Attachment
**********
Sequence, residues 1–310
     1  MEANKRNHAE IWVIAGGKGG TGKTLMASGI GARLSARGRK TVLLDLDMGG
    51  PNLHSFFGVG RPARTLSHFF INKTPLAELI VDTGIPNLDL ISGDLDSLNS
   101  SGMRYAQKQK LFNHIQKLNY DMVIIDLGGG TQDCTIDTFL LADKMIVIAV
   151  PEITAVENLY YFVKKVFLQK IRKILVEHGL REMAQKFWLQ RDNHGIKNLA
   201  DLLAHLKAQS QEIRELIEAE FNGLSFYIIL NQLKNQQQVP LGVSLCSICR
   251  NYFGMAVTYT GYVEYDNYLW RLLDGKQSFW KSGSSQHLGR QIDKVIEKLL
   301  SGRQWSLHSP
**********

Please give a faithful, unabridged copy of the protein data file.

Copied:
Sequence, residues 1–310
     1  MEANKRNHAE IWVIAGGKGG TGKTLMASGI GARLSARGRK TVLLDLDMGG
    51  PNLHSFFGVG RPARTLSHFF INKTPLAELI VDTGIPNLDL ISGDLDSLNS
   101  SGMRYAQKQK LFNHIQKLNY DMVIIDLGGG TQDCTIDTFL LADKMIVIAV
   151  PEITAVENLY YFVKKVFLQK IRKILVEHGL REMAQKFWLQ RDNHGIKNLA
   201  DLLAHLKAQS QEIRELIEAE FNGLSFYIIL NQLKNQQQVP LGVSLCSICR
   251  NYFGMAVTYT GYVEYDNYLW RLLDGKQSFW KSGSSQHLGR QIDKVIEKLL
   301  SGRQWSLHSP